Police Federation

PFEW launches campaign for simplifying evidence disclosure guidance

Targeted campaign launched to address overburdening of case workloads

2 September 2022


The Police Federation of England and Wales (PFEW) has launched a targeted campaign to appeal the Government to make amendments to the data protection laws to simplify the redaction obligations placed on police officers under the new evidence disclosure guidance. The campaign, #SimplifyDG6, also calls on the National Police Chiefs’ Council, the College of Policing and the Crown Prosecution Service (CPS) to jointly work with PFEW in ensuring all our members receive nationally agreed face-to-face training on disclosure procedures.

The campaign was launched after a thorough study of the Attorney General’s Review of Disclosure published on 26 May. PFEW believe the review is disappointing and inadequate in respect of simplifying redaction obligations and fails to make any recommendation that will immediately mitigate the huge impact of disclosure on its members.

PFEW acknowledges that the review aptly identifies some of the shortcomings in the CPS Disclosure Guidance leading to significant pressure on police officers regarding the submission of case files to the CPS for charging decisions. However, it does not offer any immediate remedy. It is also problematic that the review merely suggests that a single source of authoritative guidance for the redaction of case material passed to the CPS is “preferable” but does not demand it despite identifying an acute need for one.

Ben Hudson, Chair of the Police Federation National Detectives’ Forum and National Lead on the Impact of Revised CPS Guidance said: “We appreciate that the Attorney General's Office Annual Review of Disclosure has been sensitive towards the plight of police officers with regards to the redaction of case material, which is singularly responsible for overburdening case workloads. Though the review identifies several ambiguities, including adherence to data protection laws, it does not provide any major action points to redress the shortcomings.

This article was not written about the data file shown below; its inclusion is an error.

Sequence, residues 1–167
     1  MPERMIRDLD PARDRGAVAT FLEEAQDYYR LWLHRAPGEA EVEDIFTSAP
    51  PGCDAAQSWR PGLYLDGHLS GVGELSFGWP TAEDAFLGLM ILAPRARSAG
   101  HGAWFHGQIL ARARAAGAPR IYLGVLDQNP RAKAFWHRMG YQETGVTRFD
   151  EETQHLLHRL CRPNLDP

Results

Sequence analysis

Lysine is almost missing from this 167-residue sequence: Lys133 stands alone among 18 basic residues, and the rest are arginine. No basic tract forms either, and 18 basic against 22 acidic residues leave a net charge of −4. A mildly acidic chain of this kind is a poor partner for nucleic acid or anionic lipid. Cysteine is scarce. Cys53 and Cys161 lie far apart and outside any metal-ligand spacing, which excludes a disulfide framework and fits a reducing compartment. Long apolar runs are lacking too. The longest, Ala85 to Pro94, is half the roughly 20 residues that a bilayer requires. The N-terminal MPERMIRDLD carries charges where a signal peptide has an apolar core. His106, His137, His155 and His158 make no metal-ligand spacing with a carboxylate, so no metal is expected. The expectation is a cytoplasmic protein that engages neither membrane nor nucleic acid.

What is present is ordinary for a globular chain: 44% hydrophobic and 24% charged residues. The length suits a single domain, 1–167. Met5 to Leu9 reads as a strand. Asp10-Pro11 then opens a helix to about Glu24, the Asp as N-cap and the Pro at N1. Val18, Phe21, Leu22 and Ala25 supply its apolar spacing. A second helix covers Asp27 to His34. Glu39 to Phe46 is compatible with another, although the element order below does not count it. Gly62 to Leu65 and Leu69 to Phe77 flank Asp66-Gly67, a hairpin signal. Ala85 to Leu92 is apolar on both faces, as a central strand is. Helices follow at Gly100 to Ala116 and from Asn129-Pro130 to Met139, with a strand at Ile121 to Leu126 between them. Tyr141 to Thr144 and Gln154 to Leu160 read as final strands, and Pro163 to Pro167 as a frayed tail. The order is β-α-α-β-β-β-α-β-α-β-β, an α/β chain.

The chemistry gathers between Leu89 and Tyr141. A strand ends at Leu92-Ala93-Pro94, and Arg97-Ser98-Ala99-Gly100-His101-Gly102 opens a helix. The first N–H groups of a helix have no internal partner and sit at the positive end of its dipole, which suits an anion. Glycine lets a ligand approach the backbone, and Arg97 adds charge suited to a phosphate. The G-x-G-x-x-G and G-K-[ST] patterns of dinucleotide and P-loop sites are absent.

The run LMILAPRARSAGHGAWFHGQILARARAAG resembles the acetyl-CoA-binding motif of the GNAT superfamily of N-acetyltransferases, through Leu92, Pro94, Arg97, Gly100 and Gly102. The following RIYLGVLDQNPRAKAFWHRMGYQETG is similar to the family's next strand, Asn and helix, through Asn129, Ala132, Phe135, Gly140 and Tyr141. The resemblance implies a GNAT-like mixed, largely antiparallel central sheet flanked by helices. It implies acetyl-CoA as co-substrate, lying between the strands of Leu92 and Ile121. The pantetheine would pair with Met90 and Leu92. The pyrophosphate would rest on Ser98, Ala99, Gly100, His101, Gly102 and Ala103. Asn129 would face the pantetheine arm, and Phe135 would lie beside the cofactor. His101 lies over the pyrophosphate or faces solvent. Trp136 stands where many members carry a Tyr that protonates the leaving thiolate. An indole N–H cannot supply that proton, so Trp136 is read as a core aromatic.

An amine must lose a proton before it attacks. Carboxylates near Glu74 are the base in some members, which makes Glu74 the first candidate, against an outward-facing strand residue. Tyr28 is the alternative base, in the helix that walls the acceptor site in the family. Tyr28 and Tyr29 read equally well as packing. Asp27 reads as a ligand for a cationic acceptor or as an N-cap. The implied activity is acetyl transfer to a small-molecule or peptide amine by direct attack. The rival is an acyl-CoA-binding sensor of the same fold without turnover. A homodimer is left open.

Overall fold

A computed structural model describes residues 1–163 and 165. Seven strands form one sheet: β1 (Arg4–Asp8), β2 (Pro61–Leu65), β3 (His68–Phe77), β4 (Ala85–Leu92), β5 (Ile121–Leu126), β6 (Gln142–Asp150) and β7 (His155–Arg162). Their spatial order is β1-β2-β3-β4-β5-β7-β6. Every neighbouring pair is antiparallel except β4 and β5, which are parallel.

“Instead, it seeks to blame our members’ lack of understanding about the vital role disclosure of case material plays in the criminal justice system. It puts the onus on police forces to make every effort to alter the current culture around disclosure procedures. 

“The review accepts that “strictly speaking” redaction and data protection are not direct aspects of CPS Disclosure Guidance. However, in absence of a uniform code and lack of specific guidance, police officers, investigative officers, detectives, and specialist disclosure experts are compelled to devote significant time and resources to the redaction of case material to ensure that data protection laws are adhered to, and personal information is not revealed, even between collaborating agencies.”

Commenting on one of the review’s key findings that “the police do not always apply their discretion when offering information for disclosure under the rebuttable presumption” leading to needless redaction obligations, Mr Hudson said: “The remit of Rebuttable Presumption is too wide and impractical for police officers to comply with and to stand the test of disclosure they inadvertently end up redacting enormous volume of case material. This ultimately creates a burden on the CPS and justice delivery system as well as the officers themselves struggling under an impossible workload.”

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